Meyer doesn't provide a visual depiction of the guard, and other sources are equally vague, in fact there is evidence to suggest that early masters considered any low side guard to be a variation on nebenhut, including schranckhut, wechsel, or anything else.
For our purposes the nebenhut on the right will be a left foot forward, forward weighted posture in which the sword is point down by the right side with the false edge facing toward the fencer. It will be used like an 'orthodox' nebenhut, as well as like an 'orthodox' schranckhut.
The guard can also be weighted backward, away from the opponent, as seen in the image here.
This refers to the Unterhut on the right.
An unusual guard, and an extreme extension of the trailing rudder guard in some ways, and reminiscent of the Zornhut from the longsword or dussack.
Place the right foot forward and grasp the staff in an reversed left lead grip, right on the bases as usual. Turn the body around so the hips are facing away from the opponent and the staff goes all the way past the left side of our body so that it is almost pointing back toward our opponent (only behind us!) This is usually the extreme point of a catch or wind up for a stroke.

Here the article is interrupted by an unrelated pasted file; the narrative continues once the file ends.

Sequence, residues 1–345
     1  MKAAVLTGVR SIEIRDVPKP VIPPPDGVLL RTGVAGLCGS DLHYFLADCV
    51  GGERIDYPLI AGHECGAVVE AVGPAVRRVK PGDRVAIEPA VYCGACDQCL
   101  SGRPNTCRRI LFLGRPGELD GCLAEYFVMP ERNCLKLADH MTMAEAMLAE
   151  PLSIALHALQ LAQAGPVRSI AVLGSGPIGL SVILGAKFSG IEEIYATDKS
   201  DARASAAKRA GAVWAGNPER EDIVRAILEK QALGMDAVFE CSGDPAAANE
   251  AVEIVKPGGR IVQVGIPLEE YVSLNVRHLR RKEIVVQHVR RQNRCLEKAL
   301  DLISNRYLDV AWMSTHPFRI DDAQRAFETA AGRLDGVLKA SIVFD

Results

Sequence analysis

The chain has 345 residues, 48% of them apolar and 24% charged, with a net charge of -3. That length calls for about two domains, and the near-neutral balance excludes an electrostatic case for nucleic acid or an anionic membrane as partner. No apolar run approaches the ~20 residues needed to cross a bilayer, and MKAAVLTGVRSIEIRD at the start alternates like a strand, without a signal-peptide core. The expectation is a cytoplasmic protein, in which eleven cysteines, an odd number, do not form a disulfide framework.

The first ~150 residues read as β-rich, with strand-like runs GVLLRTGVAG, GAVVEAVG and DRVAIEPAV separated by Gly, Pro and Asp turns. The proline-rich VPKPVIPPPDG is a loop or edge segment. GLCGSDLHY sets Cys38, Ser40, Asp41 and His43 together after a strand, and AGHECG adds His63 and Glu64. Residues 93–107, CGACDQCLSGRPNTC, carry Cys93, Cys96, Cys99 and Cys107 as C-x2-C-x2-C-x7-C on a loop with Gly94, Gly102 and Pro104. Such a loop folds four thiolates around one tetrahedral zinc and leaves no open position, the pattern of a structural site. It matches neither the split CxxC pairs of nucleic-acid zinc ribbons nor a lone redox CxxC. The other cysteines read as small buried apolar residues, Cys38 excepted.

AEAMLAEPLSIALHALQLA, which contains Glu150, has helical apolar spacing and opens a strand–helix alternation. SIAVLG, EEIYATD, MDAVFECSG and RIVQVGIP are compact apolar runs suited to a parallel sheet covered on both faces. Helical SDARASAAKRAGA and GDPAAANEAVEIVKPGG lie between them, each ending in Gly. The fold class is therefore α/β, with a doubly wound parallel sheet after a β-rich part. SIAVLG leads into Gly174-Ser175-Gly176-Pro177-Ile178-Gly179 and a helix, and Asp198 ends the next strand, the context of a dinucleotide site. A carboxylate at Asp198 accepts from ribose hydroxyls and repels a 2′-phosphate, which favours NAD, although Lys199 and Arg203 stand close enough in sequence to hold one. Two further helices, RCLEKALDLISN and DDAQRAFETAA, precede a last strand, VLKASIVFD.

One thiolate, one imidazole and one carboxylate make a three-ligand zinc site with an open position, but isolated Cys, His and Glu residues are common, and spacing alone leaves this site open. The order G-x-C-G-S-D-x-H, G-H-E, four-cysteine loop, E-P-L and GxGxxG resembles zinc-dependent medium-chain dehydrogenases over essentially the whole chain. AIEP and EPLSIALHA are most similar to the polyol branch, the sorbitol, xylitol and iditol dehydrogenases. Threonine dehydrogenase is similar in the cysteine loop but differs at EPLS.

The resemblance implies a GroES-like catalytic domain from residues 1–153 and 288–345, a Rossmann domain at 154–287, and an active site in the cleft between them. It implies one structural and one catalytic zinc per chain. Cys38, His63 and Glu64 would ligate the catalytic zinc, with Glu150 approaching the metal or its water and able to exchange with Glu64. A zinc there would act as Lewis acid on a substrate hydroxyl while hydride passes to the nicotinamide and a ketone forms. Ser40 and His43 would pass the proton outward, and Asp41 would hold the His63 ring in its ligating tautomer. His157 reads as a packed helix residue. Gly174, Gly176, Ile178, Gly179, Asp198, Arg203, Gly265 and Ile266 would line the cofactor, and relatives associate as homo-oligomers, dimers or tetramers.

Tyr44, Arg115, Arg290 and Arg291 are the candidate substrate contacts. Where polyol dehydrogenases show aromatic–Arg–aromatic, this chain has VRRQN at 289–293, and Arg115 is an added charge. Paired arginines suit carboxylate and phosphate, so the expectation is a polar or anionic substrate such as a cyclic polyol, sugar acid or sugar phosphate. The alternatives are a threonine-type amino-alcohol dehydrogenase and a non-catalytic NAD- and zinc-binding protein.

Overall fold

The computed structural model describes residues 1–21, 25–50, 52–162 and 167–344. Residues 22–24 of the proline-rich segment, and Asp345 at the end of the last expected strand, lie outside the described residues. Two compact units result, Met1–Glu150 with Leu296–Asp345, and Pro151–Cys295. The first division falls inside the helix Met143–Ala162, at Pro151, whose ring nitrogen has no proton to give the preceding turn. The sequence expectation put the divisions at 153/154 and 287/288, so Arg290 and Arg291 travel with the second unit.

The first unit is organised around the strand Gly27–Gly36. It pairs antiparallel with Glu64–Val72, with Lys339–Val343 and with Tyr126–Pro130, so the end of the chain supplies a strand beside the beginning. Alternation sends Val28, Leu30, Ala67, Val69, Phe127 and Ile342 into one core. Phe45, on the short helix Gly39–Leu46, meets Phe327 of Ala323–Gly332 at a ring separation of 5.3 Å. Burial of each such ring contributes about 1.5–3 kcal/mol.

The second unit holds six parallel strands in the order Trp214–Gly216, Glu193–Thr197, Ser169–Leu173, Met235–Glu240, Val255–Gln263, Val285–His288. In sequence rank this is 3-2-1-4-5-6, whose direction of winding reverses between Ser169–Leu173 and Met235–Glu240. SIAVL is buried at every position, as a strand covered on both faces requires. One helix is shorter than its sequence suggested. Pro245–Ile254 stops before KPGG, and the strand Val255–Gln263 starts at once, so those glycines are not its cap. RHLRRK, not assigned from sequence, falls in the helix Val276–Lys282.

Reverse Nearguard [non canonical name]
A transitional position, left leg forward and turned out, arms in the same position as a trailing rudder guard. This is typically encountered when moving from high guard to a cut from below on the left with no step.
If we looked over our shoulder or stepped back we would be in nearguard, so for now we’ll call this “reverse nearguard”.